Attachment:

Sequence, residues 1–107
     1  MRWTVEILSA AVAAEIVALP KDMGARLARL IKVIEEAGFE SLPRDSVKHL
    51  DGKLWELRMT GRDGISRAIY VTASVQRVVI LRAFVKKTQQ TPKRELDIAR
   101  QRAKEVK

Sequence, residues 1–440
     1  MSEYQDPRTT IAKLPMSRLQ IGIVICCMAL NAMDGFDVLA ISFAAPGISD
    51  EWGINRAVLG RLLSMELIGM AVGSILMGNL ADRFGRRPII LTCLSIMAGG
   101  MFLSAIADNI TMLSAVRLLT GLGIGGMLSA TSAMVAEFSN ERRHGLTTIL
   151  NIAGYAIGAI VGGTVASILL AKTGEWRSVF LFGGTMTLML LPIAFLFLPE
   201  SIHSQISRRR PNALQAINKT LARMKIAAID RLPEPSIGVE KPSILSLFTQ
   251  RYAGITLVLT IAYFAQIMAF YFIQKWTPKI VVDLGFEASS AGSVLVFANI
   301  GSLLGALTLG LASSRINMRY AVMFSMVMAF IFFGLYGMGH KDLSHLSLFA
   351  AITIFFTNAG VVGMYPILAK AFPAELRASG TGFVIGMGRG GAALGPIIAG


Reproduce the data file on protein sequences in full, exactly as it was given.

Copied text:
Sequence, residues 1–107
     1  MRWTVEILSA AVAAEIVALP KDMGARLARL IKVIEEAGFE SLPRDSVKHL
    51  DGKLWELRMT GRDGISRAIY VTASVQRVVI LRAFVKKTQQ TPKRELDIAR
   101  QRAKEVK

Sequence, residues 1–440
     1  MSEYQDPRTT IAKLPMSRLQ IGIVICCMAL NAMDGFDVLA ISFAAPGISD
    51  EWGINRAVLG RLLSMELIGM AVGSILMGNL ADRFGRRPII LTCLSIMAGG
   101  MFLSAIADNI TMLSAVRLLT GLGIGGMLSA TSAMVAEFSN ERRHGLTTIL
   151  NIAGYAIGAI VGGTVASILL AKTGEWRSVF LFGGTMTLML LPIAFLFLPE
   201  SIHSQISRRR PNALQAINKT LARMKIAAID RLPEPSIGVE KPSILSLFTQ
   251  RYAGITLVLT IAYFAQIMAF YFIQKWTPKI VVDLGFEASS AGSVLVFANI
   301  GSLLGALTLG LASSRINMRY AVMFSMVMAF IFFGLYGMGH KDLSHLSLFA
   351  AITIFFTNAG VVGMYPILAK AFPAELRASG TGFVIGMGRG GAALGPIIAG